William and Kate take to the oche at pub's underground darts bar
The Prince and Princess of Wales both tried their hand at darts during their visit to Birmingham’s Jewellery Quarter – with one fellow competitor praising Kate for her “very solid” throwing action.
During a visit to The Rectory bar on Thursday, William and Kate chatted for more than half an hour with local business owners and workers from the city’s creative industries sector, before taking to separate oches in the cellar bar.
The royals also both chatted with Birmingham-born TV presenter Alison Hammond during the visit to the pub’s 180 Club, which has four interactive darts booths.
Marketing agency worker Chris Van Den Broek spoke with Kate about the local creative industry in the upstairs bar, before playing darts alongside William, who drew cheers as one his arrows fell to the floor.
The 35-year-old senior account manager, originally from the Netherlands, said after the visit that Kate had shown a deep interest in Birmingham’s “can-do attitude” and ability to get things done.
Mr Van Den Broek, who posed for a group picture in front of the board alongside William and Ms Hammond, said of the royal: “It was really exciting, she was really nice and really interested in what everyone around the room was doing.”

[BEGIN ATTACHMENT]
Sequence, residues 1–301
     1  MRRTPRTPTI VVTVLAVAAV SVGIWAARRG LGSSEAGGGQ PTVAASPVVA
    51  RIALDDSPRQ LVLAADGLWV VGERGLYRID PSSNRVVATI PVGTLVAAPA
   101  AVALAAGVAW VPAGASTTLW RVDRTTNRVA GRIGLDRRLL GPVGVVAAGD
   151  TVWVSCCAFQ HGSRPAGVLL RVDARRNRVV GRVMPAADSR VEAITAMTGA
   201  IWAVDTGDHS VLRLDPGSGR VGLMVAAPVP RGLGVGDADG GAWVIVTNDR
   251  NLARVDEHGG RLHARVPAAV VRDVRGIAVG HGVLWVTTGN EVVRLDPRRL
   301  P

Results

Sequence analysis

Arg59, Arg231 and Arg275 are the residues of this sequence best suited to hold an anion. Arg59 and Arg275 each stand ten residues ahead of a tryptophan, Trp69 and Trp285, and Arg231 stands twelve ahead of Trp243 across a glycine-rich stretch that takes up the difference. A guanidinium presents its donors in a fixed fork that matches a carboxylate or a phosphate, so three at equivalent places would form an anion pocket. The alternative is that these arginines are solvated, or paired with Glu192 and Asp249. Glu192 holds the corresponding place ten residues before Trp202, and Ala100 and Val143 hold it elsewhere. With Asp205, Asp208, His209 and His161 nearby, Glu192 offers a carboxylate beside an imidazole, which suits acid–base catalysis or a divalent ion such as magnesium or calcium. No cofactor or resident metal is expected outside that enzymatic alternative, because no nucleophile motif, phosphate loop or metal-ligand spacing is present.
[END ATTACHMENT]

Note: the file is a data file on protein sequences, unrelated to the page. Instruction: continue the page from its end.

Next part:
Creative and branding manager Akash Bhardwaj, 28, played darts in the same booth as Kate – whose throwing action he described as “very solid” – and two other guests at the event.
“For people who are nervous, they got rid of that,” he said of the royal couple. “She was incredible, to be honest.
“They came across as people like us. Most importantly she had an interest in what Birmingham is offering.”
Robert Wood, who owns the nearby Lucky 7 bar, said the event showed the couple had a real interest in the creative arts and the people involved in the industry.
“It’s something they feel deeply about,” he said. “I think events like this are really great.
“Not only to have them show an interest in us but also for us to meet each other as well.”
Hundreds of well-wishers greeted William and Kate when they arrived at the bar, overlooking the 18th century St Paul’s Square, and remained there for a lengthy walk-about as they left.
Among those who chatted with William in bright sunshine was Courtney Doyle, who works at a nearby recruitment agency.
Ms Doyle used FaceTime to allow her mother Candice, who was in Durban in South Africa, to pass on her own personal greeting to William.
The 23-year-old said her mother had been “crying, screaming” as she said hello to William.
“He said: ‘Hi’, he said: ‘We have beautiful weather here,’ and she said: ‘It’s beautiful weather here as well,'” Ms Doyle said.
“It has made my day and my mum’s day.”